This November, in Lawson v. FMR LLC, the United States Supreme Court will hear argument on whether “whistleblowers” employed by a privately held contractor or subcontractor of a publicly traded company are protected from retaliation by the Sarbanes-Oxley Act of 2002 (SOX). The Court granted certiorari in Lawson on May 20, 2013, to review the judgment of the U.S. Court of Appeals for the First Circuit in a case involving two self-proclaimed whistleblowers employed by private contractors performing services for publicly traded mutual funds.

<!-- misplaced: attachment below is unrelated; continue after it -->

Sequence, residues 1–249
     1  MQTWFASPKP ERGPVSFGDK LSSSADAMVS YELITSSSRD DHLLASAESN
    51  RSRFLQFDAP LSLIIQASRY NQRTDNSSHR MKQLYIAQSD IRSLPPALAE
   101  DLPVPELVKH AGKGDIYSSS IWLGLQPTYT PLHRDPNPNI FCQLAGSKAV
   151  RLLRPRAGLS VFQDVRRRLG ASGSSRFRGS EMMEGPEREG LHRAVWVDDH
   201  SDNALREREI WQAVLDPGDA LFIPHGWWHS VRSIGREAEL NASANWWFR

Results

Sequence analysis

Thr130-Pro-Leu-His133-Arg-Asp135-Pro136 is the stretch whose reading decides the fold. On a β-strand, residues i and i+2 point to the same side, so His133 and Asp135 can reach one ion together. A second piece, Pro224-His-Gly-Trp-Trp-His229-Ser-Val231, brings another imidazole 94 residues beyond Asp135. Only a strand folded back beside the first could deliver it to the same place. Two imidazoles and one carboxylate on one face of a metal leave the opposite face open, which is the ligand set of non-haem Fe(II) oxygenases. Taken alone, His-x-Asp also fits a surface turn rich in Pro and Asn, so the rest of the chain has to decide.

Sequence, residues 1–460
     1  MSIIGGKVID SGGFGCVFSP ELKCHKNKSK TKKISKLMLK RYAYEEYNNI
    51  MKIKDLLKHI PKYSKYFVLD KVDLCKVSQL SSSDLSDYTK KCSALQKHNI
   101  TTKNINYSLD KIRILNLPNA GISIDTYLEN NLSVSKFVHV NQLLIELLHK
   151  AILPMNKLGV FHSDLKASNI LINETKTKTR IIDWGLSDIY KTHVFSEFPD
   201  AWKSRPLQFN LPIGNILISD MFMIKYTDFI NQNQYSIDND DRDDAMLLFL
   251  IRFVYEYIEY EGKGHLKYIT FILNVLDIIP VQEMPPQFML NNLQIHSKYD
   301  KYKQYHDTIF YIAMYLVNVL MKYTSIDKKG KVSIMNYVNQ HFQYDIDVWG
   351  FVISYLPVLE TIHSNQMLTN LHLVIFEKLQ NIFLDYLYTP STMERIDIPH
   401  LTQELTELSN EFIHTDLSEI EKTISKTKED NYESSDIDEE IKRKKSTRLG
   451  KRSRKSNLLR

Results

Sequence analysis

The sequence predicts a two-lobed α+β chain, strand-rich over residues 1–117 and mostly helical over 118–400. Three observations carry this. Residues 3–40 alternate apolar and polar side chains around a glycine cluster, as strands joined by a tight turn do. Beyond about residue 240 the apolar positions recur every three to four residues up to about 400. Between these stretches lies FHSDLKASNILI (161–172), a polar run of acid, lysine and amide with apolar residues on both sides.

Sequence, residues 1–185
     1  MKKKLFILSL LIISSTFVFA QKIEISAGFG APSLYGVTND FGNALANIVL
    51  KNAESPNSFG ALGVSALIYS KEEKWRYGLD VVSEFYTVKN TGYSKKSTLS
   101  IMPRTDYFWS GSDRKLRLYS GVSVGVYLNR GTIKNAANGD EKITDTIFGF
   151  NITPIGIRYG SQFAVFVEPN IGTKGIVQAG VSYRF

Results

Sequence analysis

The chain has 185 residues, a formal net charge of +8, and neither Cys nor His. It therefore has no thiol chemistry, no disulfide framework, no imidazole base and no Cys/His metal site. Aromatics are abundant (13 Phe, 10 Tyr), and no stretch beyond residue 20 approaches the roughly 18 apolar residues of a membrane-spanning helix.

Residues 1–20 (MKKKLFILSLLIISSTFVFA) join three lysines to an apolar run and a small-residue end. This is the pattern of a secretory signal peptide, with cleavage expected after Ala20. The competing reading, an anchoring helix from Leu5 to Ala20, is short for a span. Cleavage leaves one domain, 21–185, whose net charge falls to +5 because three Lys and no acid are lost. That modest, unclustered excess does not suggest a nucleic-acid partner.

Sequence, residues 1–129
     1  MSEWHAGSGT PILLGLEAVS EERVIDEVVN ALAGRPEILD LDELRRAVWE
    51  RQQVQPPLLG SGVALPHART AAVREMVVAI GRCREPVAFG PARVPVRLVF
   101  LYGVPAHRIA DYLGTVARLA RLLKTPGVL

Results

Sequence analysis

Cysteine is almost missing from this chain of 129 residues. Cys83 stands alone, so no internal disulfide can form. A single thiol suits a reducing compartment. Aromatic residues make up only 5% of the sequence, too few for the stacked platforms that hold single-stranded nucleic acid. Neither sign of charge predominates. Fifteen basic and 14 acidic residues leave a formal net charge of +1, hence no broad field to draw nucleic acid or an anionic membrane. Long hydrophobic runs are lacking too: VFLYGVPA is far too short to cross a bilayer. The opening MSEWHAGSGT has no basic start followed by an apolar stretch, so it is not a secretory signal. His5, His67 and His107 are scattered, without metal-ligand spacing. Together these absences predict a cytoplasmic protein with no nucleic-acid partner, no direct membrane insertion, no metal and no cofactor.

The plaintiffs in Lawson claimed that they had been retaliated against for raising concerns about potential violations of the securities laws in connection with the operation of the publicly traded funds. To ground their claims, the plaintiffs invoked the protection of 18 U.S.C. §1514A(a), a SOX provision stating that no publicly traded company “or any officer, employee, contractor, subcontractor, or agent of such company or nationally recognized statistical rating organization, may discharge, demote, suspend, threaten, harass, or in any other manner discriminate against an employee in the terms and conditions of employment” because of certain lawful whistleblowing activities.
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